Digital Strategy in the Interruption model

We had a recent debate internally about the role of Web2.0 (such as communities, social networks, blogs, etc) for clients. Who is doing it? Who is leading clients to do this? The media agency? The creative agency? The PR agency? The comms strategy agency? Each in itself is limited to effectively review, recommend, implement, and most importantly, maintain a Web2.0 strategy. A constant Beta evolving creature, it is often neglected because of it’s complexity. A well implemented Web2.0 strategy does not have an “end campaign life” and sometimes have slow initial build up (communities) which makes it tough to integrate into a standard campaign brief with traditional media.

A quick review of the 2007 Top 50 advertisers in Australia (a very rough snapshot and does not include all advertisers), we can see Interruption vs Web2.0 strategies at work. Adapting S&P’s Brand Presence Matrix, the Vertical is Traditional “Interruption” SOV and the Horizontal is Web2.0 “Conversational”.


About 90% of the Top 50 advertisers in Australia still play in creating large SOV through traditional interruption model. TVs, Radio, Outdoor, Banners, Press, etc. Jostling for the best spot approach. We called the top left quadrant Visible Brands. There also exist Invisible Brands such as Caltex and Toshiba who we are familiar with but are quiet in the advertising space. Perhaps the most desirable place to exist is in the Magnetic Brands space. Where big ad $$ are still being spent but they are also heavily active in the Conversational space. In Australia, we have seen limited use with more “novelty” approach of temporary communities that dissipate at the end of a campaign.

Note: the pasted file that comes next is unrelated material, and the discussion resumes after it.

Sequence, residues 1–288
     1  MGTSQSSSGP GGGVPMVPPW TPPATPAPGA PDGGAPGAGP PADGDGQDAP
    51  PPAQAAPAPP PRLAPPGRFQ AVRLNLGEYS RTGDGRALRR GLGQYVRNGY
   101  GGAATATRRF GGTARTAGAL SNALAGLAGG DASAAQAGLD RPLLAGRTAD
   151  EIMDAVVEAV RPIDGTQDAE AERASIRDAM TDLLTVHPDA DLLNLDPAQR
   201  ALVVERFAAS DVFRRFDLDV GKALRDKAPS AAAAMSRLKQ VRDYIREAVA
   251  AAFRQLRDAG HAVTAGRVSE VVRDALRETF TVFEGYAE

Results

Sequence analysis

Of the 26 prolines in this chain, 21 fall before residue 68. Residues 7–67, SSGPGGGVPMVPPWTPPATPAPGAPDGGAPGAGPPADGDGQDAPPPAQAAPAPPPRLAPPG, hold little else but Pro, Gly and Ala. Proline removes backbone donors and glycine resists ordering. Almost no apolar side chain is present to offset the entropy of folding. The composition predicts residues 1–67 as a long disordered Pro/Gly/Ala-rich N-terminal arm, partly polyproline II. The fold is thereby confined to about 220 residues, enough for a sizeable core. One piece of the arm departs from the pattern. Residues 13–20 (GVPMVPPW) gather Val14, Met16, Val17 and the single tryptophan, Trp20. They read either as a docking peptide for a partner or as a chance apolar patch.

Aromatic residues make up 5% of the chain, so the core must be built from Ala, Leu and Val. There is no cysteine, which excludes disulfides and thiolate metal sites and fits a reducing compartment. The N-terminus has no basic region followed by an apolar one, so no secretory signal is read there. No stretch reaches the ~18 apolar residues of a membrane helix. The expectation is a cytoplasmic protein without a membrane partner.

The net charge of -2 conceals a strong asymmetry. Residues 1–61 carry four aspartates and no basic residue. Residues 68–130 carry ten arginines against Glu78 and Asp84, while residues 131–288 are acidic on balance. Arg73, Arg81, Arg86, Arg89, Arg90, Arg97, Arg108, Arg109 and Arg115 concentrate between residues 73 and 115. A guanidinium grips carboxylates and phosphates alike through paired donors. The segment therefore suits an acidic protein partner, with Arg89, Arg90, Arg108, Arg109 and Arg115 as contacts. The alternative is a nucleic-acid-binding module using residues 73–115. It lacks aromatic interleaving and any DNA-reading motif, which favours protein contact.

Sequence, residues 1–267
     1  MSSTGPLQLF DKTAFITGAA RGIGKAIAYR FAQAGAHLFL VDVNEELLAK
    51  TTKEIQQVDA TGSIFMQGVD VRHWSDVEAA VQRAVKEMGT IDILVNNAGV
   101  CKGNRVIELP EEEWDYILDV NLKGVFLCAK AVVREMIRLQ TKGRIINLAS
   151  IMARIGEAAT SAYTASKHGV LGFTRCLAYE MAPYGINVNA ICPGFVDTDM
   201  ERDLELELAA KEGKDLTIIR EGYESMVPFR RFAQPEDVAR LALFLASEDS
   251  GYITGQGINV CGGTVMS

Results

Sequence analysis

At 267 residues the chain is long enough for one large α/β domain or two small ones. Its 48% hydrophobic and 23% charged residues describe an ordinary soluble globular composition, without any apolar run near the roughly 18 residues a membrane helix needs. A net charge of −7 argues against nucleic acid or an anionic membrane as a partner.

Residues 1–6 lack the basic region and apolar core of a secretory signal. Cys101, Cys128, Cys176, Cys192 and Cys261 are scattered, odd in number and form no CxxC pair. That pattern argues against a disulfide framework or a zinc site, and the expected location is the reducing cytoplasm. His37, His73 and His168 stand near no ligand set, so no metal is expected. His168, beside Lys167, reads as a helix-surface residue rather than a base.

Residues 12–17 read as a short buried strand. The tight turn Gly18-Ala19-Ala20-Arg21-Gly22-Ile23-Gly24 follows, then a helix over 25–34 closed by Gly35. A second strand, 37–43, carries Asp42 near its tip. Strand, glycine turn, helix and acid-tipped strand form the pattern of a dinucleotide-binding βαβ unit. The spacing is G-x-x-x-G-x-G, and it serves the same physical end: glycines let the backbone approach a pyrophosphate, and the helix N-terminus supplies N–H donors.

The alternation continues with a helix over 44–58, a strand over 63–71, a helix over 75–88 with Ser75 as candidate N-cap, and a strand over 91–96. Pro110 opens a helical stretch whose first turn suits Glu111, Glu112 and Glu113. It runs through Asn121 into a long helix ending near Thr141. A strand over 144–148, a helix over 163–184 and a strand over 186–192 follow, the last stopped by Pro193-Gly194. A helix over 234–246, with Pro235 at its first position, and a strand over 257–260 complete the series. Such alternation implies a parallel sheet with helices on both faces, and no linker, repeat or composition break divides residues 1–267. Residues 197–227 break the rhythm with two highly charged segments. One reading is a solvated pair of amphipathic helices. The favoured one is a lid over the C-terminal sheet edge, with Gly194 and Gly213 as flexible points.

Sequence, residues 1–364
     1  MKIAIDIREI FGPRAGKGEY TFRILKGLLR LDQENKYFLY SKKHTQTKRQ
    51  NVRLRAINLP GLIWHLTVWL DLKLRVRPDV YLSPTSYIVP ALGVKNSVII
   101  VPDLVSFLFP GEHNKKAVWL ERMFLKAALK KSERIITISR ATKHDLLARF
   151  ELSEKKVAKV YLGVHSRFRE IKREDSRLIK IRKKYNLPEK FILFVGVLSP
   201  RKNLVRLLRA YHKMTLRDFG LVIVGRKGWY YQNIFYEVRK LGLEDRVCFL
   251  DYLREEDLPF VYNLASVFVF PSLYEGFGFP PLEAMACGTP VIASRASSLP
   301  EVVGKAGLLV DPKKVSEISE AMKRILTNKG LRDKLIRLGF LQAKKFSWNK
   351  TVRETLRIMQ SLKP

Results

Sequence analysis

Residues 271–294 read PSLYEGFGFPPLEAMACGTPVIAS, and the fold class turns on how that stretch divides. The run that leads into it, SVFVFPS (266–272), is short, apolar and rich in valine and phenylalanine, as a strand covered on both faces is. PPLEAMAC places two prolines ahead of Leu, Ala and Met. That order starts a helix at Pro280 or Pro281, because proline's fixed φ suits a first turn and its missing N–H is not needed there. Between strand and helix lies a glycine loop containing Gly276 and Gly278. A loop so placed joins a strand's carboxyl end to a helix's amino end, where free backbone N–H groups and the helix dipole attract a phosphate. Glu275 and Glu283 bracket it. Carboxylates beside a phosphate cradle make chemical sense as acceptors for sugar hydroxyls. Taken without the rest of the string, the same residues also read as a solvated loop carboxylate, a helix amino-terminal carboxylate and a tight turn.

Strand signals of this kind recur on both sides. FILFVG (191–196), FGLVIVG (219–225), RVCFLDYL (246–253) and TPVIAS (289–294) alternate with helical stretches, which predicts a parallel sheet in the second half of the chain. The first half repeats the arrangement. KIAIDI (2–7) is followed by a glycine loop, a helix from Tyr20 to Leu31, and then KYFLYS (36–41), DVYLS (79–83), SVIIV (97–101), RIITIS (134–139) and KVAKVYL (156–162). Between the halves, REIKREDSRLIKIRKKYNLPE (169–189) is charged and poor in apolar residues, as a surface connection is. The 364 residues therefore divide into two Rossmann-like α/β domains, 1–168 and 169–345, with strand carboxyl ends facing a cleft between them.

The most intriguing are Remarkable brands who spend little or no ad $$ but are active in communities. They command great brand advocates and hear of positive WOM from their users. Admittedly, I struggled to come up with local brands in Australia that play in this space… which is a pity and also demonstrates the market’s lack of ability to develop Web2.0 strategies. I believe the greatest reason is the lack of an acceptable model by agencies and marketers to adapt into existing ad “interruption” models. The increasing fragmentation, rising cost, and the trend of decreasing returns of traditional media will force a greater reliance on Web2.0 strategies.

copyright FRANk Media 2018